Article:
REINZ’s journey to tech transformation

Published on the 05/08/2021 | Written by Heather Wright

REINZ transformation_Kirti Desai

Leading genuine technology transformation…

Kirti Desai is straight forward. Transformation isn’t as simple as people think.

“Actually, getting the work done, or even knowing where to start in defining your transformation journey is a lot of work,” Desai says.

The chief digital and innovation officer for The Real Estate Institute of New Zealand (REINZ), whose previous roles include head of business transformation for Paymark and digital sales performance director at Westpac, Desai is well versed in transformation.

She’s led REINZ ‘on quite a journey in terms of defining their transformation’.

It’s a journey that the entire REINZ business has been on – with the customer at the heart of the transformation – as a membership organisation, members are ‘our number one priority’, Desai notes.

For REINZ the transformation started with understanding the customer journey including an audit of what was being offered, the pain points and then looking to understand exactly what the customers – in their varying forms – needed from the organisation today and in the future.

“The first thing they think is ‘I’m going to lose my job’”

“We wanted to define the experience customers wished they could have with us – and not just what that experience looks like, but what it felt like when you got there. Getting people to describe a feeling helps you understand what it needs to feel like when we deliver that experience,” Desai, who will be speaking at the upcoming CIO Summit, says.

“The feeling bit is what gets people resonating with your brand.”

REINZ also did an audit of its technology and architecture so it understood fully not just what it had, but what was needed to support the experience customers’ said they wanted.

“We looked at what technology we needed to support the customer  experience, what it needed to look like and developed the roadmap of how we would get there. What are the areas that are the biggest risk? What are the things that you need to do first versus the things you can do later on?”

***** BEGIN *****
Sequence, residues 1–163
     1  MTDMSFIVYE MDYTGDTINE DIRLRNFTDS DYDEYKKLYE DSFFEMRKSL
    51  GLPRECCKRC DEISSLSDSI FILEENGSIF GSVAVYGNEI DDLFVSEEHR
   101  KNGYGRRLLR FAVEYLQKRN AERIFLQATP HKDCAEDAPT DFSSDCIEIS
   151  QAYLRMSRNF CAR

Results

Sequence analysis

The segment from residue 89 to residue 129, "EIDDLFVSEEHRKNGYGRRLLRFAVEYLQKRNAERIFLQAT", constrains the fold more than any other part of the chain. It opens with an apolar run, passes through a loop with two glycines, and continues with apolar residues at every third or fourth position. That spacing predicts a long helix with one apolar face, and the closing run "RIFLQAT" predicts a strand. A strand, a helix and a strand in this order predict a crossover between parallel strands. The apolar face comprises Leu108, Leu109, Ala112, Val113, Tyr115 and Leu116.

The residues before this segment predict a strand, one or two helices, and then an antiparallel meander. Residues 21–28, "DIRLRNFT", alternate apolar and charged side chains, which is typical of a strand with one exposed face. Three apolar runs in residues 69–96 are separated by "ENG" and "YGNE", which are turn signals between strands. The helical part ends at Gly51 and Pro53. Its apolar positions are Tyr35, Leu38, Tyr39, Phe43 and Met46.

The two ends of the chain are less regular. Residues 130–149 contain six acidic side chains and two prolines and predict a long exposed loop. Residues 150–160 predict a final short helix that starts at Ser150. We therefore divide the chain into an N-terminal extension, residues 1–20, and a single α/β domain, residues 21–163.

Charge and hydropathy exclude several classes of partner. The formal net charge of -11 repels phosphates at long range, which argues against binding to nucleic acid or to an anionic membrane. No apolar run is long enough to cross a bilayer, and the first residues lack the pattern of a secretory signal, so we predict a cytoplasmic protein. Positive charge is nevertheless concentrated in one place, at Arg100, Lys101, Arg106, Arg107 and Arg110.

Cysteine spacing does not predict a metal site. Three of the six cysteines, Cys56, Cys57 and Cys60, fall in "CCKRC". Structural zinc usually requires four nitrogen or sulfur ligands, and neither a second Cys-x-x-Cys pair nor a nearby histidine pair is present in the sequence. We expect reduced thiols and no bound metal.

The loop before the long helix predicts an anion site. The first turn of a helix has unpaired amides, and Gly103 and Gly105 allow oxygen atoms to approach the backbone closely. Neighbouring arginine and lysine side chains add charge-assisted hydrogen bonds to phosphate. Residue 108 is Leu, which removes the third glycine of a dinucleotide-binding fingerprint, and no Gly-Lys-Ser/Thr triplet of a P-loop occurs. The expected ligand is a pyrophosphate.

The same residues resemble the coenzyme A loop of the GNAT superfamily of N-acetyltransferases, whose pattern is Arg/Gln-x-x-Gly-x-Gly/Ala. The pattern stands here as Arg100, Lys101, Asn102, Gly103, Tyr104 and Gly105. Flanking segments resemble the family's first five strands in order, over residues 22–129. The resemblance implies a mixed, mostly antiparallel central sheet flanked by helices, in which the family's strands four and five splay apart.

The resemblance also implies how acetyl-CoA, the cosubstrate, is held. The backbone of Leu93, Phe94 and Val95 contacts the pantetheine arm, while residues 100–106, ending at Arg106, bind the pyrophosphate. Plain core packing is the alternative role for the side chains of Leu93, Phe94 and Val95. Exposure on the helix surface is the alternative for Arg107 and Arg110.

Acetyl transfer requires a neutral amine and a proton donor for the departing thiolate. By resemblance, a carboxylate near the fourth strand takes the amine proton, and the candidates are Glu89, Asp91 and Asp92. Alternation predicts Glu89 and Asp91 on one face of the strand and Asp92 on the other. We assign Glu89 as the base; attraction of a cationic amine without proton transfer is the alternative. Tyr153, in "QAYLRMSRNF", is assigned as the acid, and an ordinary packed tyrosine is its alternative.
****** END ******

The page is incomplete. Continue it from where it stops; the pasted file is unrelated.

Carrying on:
Alongside all that, the Institute was looking at its own evolution, with a widespread commercialisation strategy to help it understand the wider market segments, where it had the skills and experiences to deliver a unique experience and where it wanted to focus its efforts for both existing and new customers.

“That helped us with a growth strategy and starting to think about diversifying the business slightly, so you are evolving as the market and customer needs evolve.”

For REINZ, the transformation strategy has translated to more structured growth, a move into the data analytics space, and a series of new products, including an automated valuation model, using advanced robotics to constantly analyse house prices across New Zealand to provide estimates of values for real estate agents and the internal team.

The REINZ DataHub is a central hub for accessing and understanding REINZ property data. REINZ has invested in a Datamart, pulling all REINZ’s data into one platform that allows APIs and web services.

“There was a bit of organic growth before I got here. Now it is definitely more structured growth and everything is happening in a targeted way,” Desai says.

“Data driven analytics is really where the business is evolving and I think most businesses are going in the same direction,” she says.

“But what that means is that we have thought about our infrastructure in a different way, around what are the foundational things you need, what enables the customer experience and therefore what are the products and services that you can then offer?”

The transformation programme is structured so that any changes or new systems need to fall into the areas of innovation, enablement or foundation.

When it comes to driving a high-performance culture – a critical component in leading a genuine technology transformation – Desai offers up three key tips:

  1. Empower your people, allow them to make mistakes and learn from them. “Sometimes a mistake can actually lead to a new opportunity too,” she notes.
  2. Ensure upfront, clear open conversation and allow people to challenge each other’s thinking in respectful ways. “That helps create a culture of people asking questions, which is not a bad thing, and that way, everyone is starting to think a little differently – which is what you want.”
  3. Provide strategic direction, but not the how. “It’s important to be very clear about what the outcome needs to be, but your team should develop the how and come up with the ideas because if you tell them every step to take, you don’t get any different (and better) ways of thinking.”

Oh, and one other thing: Tackle the elephant in the room upfront.

“Saying to people we are going to do a digital transformation means nothing. People think digital probably means automation of some sort, and the first thing they think is ‘I’m going to lose my job’.

“The elephant in the room should be addressed versus ignoring it, which just creates more uncertainty.

“And actually, in most organisations where you go through a true transformation of the digital sort, you actually start with your people, your customers. They are at the heart of your change which is around improving the processes for your people so that you can service your customer faster. It’s not that we fancy putting in some new technology.”

The 2021 CIO Summit will be held in Auckland and virtually, August 31-September 01. Register here.

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